“We are here to entertain,” insists tennis icon Mansour Bahrami. “If you want to be a great champion you have to focus. You can either clown around or win – it’s one or the other.”
Having only gone as far as the second round in his singles career at Grand Slams, it’s fair to say the Iranian chose to go for the clowning around option. And that’s no disrespect to Bahrami, for he has brought plenty of joy to the faces of fans the world over during a career which has spanned more than 40 years.
With his large grey moustache, open collar shirt and madcap humour, Bahrami is instantly recognisable. Whether it’s pretending to eat a tennis ball, a mad trick-shot or acting like a bemused onlooker admiring his own ace serve, he is great value. He is the Jim Carrey, Robin Williams, Laurel or Hardy of the courts.
If you’re waiting patiently for the Australian Open to start, it’s worth digging out some of the endless Mansour Bahrami footage on YouTube. Rod Laver, the former long-time world number one, called him the most naturally gifted tennis player ever. It’s some claim, but when you see some of the impossible shots he pulls off, all the while catching returns in his pocket, you start to believe it.
But if he was so good, why did he not get further than qualifying at Wimbledon? Well, that’s because the rulers in his home nation blocked his path to success.
“My father was a gardener in the biggest sports complex in Iran,” he told AlJazeera.com of his younger days. “When I started walking around, when I was two or three, I saw all the sports grounds. I could play anything except tennis because tennis was reserved for the elite and rich.”
That didn’t deter him however. He would use metal frying pans, pieces of wood and even just use his hands to replicate the real thing. “When I was 13 the federation needed new players so they gave me two rackets and allowed me to play,” he recalled. “Three years later I was on the national team and playing in the Davis Cup.”
Playing in one of the most famous tournaments on the circuit at the age of 16, Bahrami looked to be on the path to sporting greatness. That was until the Ayatollah took power of Iran in 1980. Suspicious of the Western game, courts were closed and the sport was banned. Mansour could have left his life and family behind and surrendered his Iranian identity, but he refused. “I existed by playing backgammon all day,” he explained.
When rules were relaxed three years later, Bahrami was back on court, and after winning a tournament in Tehran it was the quick thinking of his girlfriend which helped to open the door to a professional tennis career.
“I won the tournament and the prize was a ticket to Athens, which I gave to my girlfriend at the time,” Bahrami says on his own website. “The next day she came back to me and said that I should take it and pay an extra $200 to change the ticket to get to Nice, so I would have a chance to play tennis. It was very selfless of her to send me away and it changed my life forever.”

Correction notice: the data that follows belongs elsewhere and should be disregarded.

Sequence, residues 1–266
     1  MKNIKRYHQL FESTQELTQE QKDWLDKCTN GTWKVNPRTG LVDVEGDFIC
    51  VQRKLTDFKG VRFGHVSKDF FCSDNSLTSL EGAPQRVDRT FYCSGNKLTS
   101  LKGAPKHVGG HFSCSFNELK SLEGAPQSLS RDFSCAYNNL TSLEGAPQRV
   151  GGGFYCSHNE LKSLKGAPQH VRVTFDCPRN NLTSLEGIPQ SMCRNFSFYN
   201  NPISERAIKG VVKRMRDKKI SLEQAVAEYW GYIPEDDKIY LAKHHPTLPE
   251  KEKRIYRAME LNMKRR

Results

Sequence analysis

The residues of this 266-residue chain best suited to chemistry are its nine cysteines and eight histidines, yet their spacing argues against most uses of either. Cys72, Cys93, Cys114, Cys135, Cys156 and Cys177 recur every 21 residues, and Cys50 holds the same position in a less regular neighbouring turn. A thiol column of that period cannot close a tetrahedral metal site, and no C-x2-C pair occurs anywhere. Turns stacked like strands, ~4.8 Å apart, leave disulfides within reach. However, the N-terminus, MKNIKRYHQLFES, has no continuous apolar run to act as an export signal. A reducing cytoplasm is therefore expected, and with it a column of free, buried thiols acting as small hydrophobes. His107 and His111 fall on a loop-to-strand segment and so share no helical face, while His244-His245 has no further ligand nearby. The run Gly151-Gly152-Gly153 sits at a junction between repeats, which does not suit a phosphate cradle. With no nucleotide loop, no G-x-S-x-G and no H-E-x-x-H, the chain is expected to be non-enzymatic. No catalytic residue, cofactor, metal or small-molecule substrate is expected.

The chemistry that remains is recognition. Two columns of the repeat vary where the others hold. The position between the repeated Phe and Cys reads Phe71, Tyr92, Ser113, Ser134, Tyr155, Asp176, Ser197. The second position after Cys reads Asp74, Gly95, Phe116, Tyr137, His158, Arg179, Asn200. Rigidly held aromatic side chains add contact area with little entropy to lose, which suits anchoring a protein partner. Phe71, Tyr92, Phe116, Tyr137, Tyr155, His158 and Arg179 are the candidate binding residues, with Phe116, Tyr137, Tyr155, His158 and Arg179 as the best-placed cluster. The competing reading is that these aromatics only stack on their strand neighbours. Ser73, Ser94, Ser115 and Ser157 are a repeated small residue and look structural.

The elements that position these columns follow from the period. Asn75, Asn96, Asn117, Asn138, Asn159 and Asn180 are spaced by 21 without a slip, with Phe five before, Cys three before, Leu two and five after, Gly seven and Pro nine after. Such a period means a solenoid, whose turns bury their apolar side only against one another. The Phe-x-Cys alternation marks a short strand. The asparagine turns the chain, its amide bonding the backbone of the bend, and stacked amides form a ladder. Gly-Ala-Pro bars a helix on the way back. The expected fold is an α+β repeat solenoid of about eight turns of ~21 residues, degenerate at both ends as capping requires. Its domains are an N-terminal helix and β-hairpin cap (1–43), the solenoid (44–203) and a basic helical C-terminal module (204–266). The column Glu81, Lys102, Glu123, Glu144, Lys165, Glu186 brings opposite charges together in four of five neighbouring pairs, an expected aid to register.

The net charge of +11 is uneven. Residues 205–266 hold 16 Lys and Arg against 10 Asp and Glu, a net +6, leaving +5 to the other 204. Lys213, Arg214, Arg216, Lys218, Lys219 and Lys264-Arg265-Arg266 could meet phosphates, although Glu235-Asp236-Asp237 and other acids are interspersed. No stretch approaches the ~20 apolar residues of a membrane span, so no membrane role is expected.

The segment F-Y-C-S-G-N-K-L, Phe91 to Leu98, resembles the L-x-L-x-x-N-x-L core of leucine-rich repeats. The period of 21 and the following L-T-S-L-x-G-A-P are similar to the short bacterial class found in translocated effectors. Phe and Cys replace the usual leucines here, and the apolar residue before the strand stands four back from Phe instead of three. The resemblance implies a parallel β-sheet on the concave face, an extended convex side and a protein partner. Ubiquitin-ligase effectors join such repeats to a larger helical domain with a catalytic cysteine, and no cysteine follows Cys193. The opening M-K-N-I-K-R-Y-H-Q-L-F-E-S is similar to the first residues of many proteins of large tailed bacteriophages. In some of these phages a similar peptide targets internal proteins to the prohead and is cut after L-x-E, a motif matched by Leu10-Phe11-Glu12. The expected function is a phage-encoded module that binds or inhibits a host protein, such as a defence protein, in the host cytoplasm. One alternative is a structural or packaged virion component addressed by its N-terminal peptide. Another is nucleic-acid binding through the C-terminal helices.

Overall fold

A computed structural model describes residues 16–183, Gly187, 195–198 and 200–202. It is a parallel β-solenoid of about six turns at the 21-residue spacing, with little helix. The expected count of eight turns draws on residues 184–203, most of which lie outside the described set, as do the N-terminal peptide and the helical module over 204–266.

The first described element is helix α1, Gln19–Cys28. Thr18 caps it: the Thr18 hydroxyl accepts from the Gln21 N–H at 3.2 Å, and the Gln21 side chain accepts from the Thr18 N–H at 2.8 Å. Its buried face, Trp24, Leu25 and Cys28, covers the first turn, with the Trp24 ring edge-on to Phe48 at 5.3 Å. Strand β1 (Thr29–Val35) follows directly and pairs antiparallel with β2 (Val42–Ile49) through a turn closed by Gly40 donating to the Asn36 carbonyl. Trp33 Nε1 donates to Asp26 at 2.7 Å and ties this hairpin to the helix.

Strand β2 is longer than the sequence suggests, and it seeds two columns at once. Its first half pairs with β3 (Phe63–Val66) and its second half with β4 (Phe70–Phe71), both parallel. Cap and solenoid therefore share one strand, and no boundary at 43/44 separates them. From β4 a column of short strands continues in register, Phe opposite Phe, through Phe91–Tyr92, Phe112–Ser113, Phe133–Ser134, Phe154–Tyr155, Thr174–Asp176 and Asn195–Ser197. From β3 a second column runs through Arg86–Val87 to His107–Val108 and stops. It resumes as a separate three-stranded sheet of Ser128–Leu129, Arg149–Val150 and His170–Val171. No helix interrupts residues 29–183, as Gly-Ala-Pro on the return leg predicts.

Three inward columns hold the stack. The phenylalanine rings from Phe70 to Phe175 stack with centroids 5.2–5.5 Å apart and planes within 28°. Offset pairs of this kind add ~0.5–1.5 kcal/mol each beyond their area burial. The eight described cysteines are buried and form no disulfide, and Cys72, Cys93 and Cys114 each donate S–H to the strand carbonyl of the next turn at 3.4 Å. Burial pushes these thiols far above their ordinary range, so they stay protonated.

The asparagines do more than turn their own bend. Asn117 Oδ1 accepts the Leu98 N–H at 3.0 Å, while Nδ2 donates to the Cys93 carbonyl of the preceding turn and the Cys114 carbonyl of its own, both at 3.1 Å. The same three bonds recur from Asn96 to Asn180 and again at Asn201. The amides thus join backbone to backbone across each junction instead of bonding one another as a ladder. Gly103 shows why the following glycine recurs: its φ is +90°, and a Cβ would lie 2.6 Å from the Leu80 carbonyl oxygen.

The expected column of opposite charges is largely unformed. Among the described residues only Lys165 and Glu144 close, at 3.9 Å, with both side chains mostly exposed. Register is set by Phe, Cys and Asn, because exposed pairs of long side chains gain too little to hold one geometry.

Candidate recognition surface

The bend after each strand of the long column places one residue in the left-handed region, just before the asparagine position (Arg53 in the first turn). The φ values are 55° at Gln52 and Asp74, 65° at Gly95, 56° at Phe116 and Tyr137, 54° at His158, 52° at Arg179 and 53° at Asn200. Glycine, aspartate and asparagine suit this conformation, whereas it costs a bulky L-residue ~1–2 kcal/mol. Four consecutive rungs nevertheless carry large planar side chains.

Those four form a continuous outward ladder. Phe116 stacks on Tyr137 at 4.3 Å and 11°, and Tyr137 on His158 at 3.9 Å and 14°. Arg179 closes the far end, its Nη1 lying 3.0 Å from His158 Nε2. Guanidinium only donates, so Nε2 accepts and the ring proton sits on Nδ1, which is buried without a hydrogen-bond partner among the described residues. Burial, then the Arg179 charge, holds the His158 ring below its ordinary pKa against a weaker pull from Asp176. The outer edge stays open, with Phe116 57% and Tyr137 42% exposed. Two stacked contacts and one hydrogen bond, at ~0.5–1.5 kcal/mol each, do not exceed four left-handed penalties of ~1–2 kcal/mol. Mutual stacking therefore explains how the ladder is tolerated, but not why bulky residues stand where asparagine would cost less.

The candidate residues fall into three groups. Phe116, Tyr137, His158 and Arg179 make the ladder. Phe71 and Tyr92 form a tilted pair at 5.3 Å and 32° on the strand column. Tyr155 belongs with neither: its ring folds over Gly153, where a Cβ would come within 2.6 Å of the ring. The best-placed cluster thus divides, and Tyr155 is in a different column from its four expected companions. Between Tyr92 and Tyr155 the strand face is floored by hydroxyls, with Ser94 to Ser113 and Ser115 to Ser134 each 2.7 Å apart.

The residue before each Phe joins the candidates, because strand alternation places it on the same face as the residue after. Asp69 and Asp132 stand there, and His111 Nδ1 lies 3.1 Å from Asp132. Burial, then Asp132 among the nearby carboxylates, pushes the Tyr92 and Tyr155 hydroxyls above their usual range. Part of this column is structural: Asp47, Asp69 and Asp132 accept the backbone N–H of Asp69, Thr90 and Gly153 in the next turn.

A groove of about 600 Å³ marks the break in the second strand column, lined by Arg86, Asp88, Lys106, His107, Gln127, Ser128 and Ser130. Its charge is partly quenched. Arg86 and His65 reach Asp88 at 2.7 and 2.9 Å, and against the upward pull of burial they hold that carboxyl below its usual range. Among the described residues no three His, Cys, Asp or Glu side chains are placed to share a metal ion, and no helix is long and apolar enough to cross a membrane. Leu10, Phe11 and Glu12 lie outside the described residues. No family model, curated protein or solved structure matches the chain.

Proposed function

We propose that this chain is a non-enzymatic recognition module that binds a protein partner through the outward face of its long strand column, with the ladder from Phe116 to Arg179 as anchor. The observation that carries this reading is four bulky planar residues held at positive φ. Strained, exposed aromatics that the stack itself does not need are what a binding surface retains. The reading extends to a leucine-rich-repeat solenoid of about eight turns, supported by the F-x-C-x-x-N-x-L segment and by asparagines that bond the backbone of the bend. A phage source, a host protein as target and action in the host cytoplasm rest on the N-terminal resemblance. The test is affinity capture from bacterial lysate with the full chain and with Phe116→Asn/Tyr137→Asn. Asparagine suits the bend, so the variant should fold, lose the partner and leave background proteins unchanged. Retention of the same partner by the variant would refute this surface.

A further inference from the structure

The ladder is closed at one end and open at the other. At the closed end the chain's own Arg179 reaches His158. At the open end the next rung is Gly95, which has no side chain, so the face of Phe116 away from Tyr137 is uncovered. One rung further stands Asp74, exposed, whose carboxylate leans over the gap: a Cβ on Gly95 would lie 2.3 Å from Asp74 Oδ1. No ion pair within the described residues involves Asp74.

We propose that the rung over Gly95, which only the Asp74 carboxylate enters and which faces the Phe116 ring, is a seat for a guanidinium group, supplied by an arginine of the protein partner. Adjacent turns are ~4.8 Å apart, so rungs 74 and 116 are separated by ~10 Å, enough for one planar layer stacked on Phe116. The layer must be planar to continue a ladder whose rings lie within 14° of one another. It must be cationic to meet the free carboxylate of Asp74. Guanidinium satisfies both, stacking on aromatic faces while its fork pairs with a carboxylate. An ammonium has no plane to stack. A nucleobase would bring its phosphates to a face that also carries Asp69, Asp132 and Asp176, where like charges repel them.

That it did, but things got worse before they got better. Realising the cost of living in France he set about earning more money, fast. However, he gambled away his money in a casino on his first night!
“I chose France because there are hundreds of small tournaments with prize money. But you have to win to collect the money,” he said. “For weeks at a time I had nowhere to sleep, so I would walk the streets of Paris. Often, I would make one baguette last three or four days.
“When my French visa eventually ran out, I became an illegal immigrant. Every time I saw a policeman coming, I changed direction. If they had asked me for my papers or ID they would have put me on the first plane back to Iran. A political refugee is someone who risks being killed if they go home – I was only a tennis player, but I did not dare leave France in case they did not let me back in.”
Luckily his skill and poise with a racket started to pay off. Bahrami was allowed to join the ATP as a professional at the age of 30 and became a dual French national in 1989. Now, he lives in Paris.
“I lost nine years of my life. All my best results came after the age of thirty. I was thirty-three when I reached the French Open doubles final. Am I angry? No, I’m not angry, I feel I am a very lucky man.
Turning 65 in April, he is still playing tennis and enjoys being chief entertainer at invitationals. After decades spent on the senior doubles circuit, partnering the likes of Henri Leconte and Yannick Noah, exhibiting faked backhand serves and throwing a second or even third ball into play whenever he feels like it, Bahrami remains one of the tennis world’s star attractions.
“Since I was 15 the first thing on my mind was the crowd, to please the crowd,” he told Al Jazeera. “I wanted people to have a good time. There were hundreds of matches I could have won 6-2, 6-3 – but I made them last long and won 7-5 in the third, many I lost.”
His chance of glory may have been taken from him but he is still one of the most popular tennis players of the last 50 years. “When the audience laughs, I am the happiest man in the whole world,” he says.
If you turn on the television and Mansour Bahrami is at the net, you’ll still be watching hours later, in fits of laughter. That’s the power of the player and the man.